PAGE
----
The Myth of Persephone
Persephone was a goddess, the beautiful daughter of Demeter and fathered by Zeus. Abducted and seduced by Hades, she eventually became the queen of the underworld. In her earthly guise she was venerated as the personification of spring and exalted as a deity of the fields to ensure the abundance of crops at the time of harvest. But at the heart of the myth, and perhaps why it resonates deeply in so many, is that it describes in our own living experience the truth of life on earth. Just as it was for the plight of Persephone, each of us journeys into the dark underworld of our unconscious and returns to the light of the sensory world.
It was the feminine essence of the earth’s spirit which Persephone embodied that stirred the carnal desire of Hades to possess her. And it’s the same fiery passion that arises in anyone who dares to love, regardless of the consequences thereafter. With the connivance of Zeus his brother, Hades waited for his chance to steal his prize. As Persephone gathered wild flowers from the meadow, Hades struck – parting the earth to swallow the startled goddess before carrying her down to his lair. Every woman has at some point been swallowed by the deluge of her emotional pain that takes her down into the depths of despair. And every man has been the betrayer of love by giving in to his unconscious sexual urges. When left to atrophy, the emotional energy of the world in a woman lives on in the underworld as the unresolved aspects of past. The task of the noble man is to love woman selflessly in the flesh and assimilate through his organ of love the tension and stress absorbed through her being in existence.
Life consists of the comings and goings of seasons, people and events that contribute to the drama and uncertainty of the living life. Each of us contributes in our way to how another experiences their life. The disappearance of Persephone caused Demeter, the distraught mother, to withdraw into her being; and, in so doing, the nature principle she embodied was unable to be fructified as before on the earth. Externally, strange changes began to manifest from natural abundance to periods of aridity and infertility. The mother at all levels suffers as a consequence of the distress and separation from love in her children.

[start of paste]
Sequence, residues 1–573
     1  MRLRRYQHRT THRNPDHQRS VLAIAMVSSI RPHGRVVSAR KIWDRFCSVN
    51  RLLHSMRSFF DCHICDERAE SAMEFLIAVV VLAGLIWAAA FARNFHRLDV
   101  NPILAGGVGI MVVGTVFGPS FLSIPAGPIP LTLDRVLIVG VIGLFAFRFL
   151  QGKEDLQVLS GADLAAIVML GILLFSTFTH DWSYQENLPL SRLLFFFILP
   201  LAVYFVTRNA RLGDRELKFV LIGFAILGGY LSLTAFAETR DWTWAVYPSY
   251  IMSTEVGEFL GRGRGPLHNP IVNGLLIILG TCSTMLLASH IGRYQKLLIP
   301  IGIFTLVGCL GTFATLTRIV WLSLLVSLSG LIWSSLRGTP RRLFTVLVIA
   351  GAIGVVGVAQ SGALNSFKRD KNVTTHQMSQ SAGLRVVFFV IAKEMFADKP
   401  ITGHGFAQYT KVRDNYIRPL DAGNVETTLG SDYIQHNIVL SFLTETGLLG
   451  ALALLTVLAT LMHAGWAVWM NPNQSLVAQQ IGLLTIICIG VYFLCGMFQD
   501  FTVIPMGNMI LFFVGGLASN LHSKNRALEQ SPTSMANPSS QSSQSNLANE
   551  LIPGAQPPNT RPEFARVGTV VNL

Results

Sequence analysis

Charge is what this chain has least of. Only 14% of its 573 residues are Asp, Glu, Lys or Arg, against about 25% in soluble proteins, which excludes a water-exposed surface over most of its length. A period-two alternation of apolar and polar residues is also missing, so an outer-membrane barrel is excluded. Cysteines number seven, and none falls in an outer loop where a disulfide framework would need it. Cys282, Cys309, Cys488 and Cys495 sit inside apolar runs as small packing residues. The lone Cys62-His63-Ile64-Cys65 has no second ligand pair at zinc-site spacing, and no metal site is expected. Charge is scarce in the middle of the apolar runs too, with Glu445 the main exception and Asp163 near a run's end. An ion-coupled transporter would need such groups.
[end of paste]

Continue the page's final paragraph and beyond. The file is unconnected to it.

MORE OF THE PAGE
Persephone, too, began to adjust to her strange new environment. Hades, far from being cruel and overpowering, respected and loved his bride; and, in time, Persephone perceived the divine character behind the god’s foreboding presence. But it was still a struggle at times, particularly since Zeus had forbidden Persephone to consume any food while in the underworld. One day, after the grief of Demeter threatened to extinguish life on the earth, Zeus granted Persephone permission to visit her mother. Her first encounter was with Hermes, who offered the starving goddess a pomegranate (as instructed by Hades and Zeus). According to the myth, Persephone ate six pips with the knowledge that this would bond her for all time to Hades. It was also arranged that for six months of the year (one month for every pip), Persephone would remain in Hades; and for the other six months she’d be set free to be with Demeter. And so the seasons of change began to reflect the time Persephone was on earth: as the full blossom of life in all its diverse bounty, and then her time in Hades when nature gradually withdrew and the earth became still in its mystical union with life.
The primal matter of the planet, being devoid of life, is an unspeakable energy which is sometimes touched upon in delirium or in the dream state as an overwhelmingly intense ordeal; such is its impact that the experience is never forgotten. The stygian darkness of the underworld is symbolic of this impenetrable barrier to light. Hades dwelled in a subterranean half-light, subdued by the absence of the sun’s rays yet lit enough for the dead to participate in the affairs of the afterlife. Persephone is symbolic of the purity of the psyche which each of us represents as an individual cell within the great body of humanity. For millennia, her feminine essence was able to offset the external forces of existence until nature itself began to wither by the emerging human nature in revolt to the natural way of life. Today, a mighty wall of resistance impedes the harmony and flow of the psychic stream, symbolised by the river Styx – the gateway to Hades which, according to the myths, all must cross on the way to the afterlife. For the mythic man or woman, the challenge is to make the crossing while alive to rekindle the spirit of Persephone as a being of love on earth.